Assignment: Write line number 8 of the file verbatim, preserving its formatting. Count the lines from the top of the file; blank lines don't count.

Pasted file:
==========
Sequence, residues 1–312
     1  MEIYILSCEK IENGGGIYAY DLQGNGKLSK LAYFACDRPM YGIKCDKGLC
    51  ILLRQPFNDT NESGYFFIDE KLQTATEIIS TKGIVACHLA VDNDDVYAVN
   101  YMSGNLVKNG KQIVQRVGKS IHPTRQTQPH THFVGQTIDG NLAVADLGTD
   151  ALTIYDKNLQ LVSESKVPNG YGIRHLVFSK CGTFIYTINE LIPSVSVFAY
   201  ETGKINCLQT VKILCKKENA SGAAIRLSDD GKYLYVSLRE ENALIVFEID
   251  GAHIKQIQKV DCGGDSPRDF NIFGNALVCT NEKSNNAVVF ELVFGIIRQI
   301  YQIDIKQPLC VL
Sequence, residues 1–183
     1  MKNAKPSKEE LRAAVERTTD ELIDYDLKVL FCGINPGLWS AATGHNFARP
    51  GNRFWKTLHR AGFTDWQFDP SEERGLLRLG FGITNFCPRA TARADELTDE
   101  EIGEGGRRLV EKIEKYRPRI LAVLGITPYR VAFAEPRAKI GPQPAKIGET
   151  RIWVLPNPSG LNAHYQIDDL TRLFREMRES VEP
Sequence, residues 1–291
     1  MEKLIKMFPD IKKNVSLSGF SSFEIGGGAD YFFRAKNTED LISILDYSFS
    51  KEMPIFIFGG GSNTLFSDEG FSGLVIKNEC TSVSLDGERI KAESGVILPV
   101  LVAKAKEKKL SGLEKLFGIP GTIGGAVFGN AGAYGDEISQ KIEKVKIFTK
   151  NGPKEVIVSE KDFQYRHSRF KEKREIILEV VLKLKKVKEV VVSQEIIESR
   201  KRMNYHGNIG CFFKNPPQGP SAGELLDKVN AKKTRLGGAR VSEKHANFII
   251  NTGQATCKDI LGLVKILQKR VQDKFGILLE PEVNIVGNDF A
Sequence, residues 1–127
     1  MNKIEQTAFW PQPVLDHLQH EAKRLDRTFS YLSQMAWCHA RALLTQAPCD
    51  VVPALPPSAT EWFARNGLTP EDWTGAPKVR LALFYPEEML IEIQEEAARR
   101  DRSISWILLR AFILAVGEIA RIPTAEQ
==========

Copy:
   301  YQIDIKQPLC VL